Rishab Nithyanand, a UIowaCS Assistant Professor, leads the Sentinels for Privacy-Aware and Responsible Technological Advancement (SPARTA) Lab. He also co-leads, with SJMC's Brian Ekdale, the Algorithms and Culture Research Group (ACRG). He has also collaborated with Ekdale on both grants and Obermann Center Working Groups.
In addition to the following Q&A, where Prof. Nithyanand reflects upon this latest award as well as what comes next for him, his collaborators, and his students, one may check out:
How would you summarize both 1) your prior Minerva work and 2) this new project?
Our previous Minerva award aimed to understand how individuals are radicalized online. We studied how social media interactions influenced users' personality traits, focusing on traits linked to radical and extremist behavior. Our research revealed that coordinated campaigns by political actors, extremist groups, and nation states were responsible for much of the online manipulation. Our recently awarded Minerva grant focuses on comprehending the nature of these coordinated campaigns. We aim to uncover vulnerabilities in online platforms and their recommendation algorithms which enable coordinated mass manipulation. Our goal is to systematically analyze and identify these vulnerabilities, developing mechanisms to prevent their exploitation.
This research has been conducted by the Algorithms and Culture Research Group (ACRG), a interuniversity/interdisciplinary outfit: how did this unique collaboration melding the humanities, social sciences, and computational sciences come about…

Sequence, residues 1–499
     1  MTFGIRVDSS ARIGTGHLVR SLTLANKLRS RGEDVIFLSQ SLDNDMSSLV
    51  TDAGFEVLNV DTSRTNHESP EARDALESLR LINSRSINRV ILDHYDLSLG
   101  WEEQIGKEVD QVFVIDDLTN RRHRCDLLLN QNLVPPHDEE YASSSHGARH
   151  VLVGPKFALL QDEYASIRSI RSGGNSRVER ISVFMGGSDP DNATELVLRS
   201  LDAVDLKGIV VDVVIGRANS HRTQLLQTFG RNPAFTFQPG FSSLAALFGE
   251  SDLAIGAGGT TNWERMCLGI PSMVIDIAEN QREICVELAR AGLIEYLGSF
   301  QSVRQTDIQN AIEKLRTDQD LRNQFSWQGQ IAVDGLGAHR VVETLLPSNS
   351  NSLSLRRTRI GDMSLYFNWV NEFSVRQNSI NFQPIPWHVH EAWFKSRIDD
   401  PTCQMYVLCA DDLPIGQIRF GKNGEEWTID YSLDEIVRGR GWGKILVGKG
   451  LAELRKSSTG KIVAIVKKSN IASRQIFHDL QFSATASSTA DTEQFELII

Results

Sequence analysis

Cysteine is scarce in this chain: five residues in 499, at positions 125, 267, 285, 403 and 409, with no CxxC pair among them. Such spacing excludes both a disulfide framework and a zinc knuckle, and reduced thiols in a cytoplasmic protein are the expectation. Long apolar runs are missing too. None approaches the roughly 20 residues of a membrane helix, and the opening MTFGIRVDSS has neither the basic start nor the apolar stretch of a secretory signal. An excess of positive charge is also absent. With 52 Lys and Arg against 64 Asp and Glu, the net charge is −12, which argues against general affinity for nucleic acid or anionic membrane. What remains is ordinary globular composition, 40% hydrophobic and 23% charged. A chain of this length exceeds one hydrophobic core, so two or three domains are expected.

ACRG formed in 2015 as an interdisciplinary reading group at the University of Iowa Obermann Center for Advanced Studies. The group aimed to explore how scholars across disciplines discussed and studied algorithms. I joined in 2018 after joining UIowa CS faculty. ACRG has since transformed into a dedicated research group focused on understanding the societal and cultural impact of algorithms. Today, Brian Ekdale (SJMC) and I co-direct ACRG, which comprises faculty and students from Penn State U, Drake U, Washington U, and diverse fields like Computer Science, Journalism, Communication Sciences, African American Studies, and Media Studies. Together, we tackle research problems, drawing on insights and methodologies from various academic paradigms. Our group's unique strength lies in its openness to and expertise in the computational sciences, social sciences, and humanities, enabling us to address significant challenges targeted by our Minerva awards.